Sonic & All-Stars Racing Transformed hands-on: The OTHER mascot kart racer with transforming vehicles

Track listing

The sunshine aesthetic of the Super Monkey Ball world looks superb already, even though the game’s code is at pre-alpha stage (ie. 'not even slightly finished'). The shades of green used for sunlit leaves are spot-on, and the glistening blue water looks cool and refreshing. And when you see the surging whirlpool looming at the end of the track and realise you're going to have to navigate around it, the drama is palpable.

There will be a total of 16 different tracks, each themed around a different classic Sega game. We know Super Monkey Ball and Panzer Dragoon are in, plus we get the inkling from talking to the devs that there will be a Space Channel 5 stage set in space. We also know that Bug and Space Harrier will not be present, although we couldn't get an answer either way on Burning Rangers or Shenmue. Still, Vyse from Skies of Arcadia is a playable character, as is Gilius from Golden Axe, so it makes sense that they'll have their own tracks. A 3D Death Adder was also mentioned by the devs…

But for all the impressive new water tech and lovingly detailed audio-visual fan service, the most important question is about how the actual racing feels. The answer in a nutshell is ‘very enjoyable’. While a new game engine has been built from the ground up, a definite effort has been made to replicate the basic feel of the first game. And it works, although there have been a few important and welcome tweaks.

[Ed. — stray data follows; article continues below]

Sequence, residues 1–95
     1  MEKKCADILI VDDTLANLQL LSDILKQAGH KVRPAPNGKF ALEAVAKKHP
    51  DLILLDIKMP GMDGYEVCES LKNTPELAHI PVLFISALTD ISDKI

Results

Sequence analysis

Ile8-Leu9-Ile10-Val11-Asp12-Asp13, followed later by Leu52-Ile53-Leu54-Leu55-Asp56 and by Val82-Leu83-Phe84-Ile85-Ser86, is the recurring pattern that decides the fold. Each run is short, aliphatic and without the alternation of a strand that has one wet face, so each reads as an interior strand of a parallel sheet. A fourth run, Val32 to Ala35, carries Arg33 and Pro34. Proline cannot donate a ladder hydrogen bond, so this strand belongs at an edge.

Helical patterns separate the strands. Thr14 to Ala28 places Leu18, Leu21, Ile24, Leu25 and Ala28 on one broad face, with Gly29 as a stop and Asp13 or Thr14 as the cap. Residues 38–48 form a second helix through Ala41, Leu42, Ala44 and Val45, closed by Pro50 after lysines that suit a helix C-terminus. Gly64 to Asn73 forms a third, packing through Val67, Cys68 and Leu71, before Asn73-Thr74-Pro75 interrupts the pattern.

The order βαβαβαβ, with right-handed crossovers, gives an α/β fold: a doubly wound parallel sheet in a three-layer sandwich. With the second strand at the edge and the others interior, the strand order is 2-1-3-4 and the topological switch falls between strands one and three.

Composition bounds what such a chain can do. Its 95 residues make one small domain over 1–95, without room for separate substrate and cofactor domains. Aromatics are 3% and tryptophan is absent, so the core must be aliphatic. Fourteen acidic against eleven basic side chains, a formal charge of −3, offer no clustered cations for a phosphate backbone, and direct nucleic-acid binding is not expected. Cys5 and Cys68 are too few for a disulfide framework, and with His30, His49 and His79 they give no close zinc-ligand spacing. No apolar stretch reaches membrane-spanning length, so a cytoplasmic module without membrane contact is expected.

For instance, the drift mechanic has been loosened slightly in order to avoid the first game's habit of causing unexpectedly tight turns to collide with the barrier on the inside of the corner. Also, when you're hurtling towards a track divide, this game would much rather let you keep moving forwards if you accidentally hit the split dead-on than stop you dead in an embarrassing crunching halt. It wants you to get round the track. It wants you to have fun.

Homing attack

A kart racer wouldn't be a kart racer without weapons, and this is no exception. This time round, a lot more work seems to have gone into the weapons, arguably one of the weakest areas of the last game. For starters, the powerful All-Star moves aren’t simply handed out for being at the back of the pack now, which is great for keeping things exciting for players at the front. If you were good at the first game, you hardly ever saw your All-Star move because the original approach to game balance meant that you simply never had gained the ability to use it.

This time round, you have to earn your move by collecting All-Star tokens that are littered around the track in hard-to-reach areas. They can be anywhere, from the apex of very tight turns to the more devious, less accessible short-cuts. Sadly, while the coins were present the build we played, the All-Star moves themselves weren't, as they're still being made.

What were available however, were super versions of the game’s standard weapons, earned by driving particularly skilfully in designated areas.On the Super Monkey Ball track for instance, this involves finding a route that ends in a ramp, that in turn carries you over the barriers of suspended walkways and down onto – and we love this bit – a Monkey Target landing area. Hit the middle and you get to pick up the special bonus weapon. These are currently triple-powered versions of the game’s existing arsenal, but could well be entirely bespoke pain-tools by the time the final game arrives.

Justin Towell

Justin was a GamesRadar staffer for 10 years but is now a freelancer, musician and videographer. He's big on retro, Sega and racing games (especially retro Sega racing games) and currently also writes for Play Magazine,, PC Gamer and TopTenReviews, as well as running his own YouTube channel. Having learned to love all platforms equally after Sega left the hardware industry (sniff), his favourite games include Christmas NiGHTS into Dreams, Zelda BotW, Sea of Thieves, Sega Rally Championship and Treasure Island Dizzy.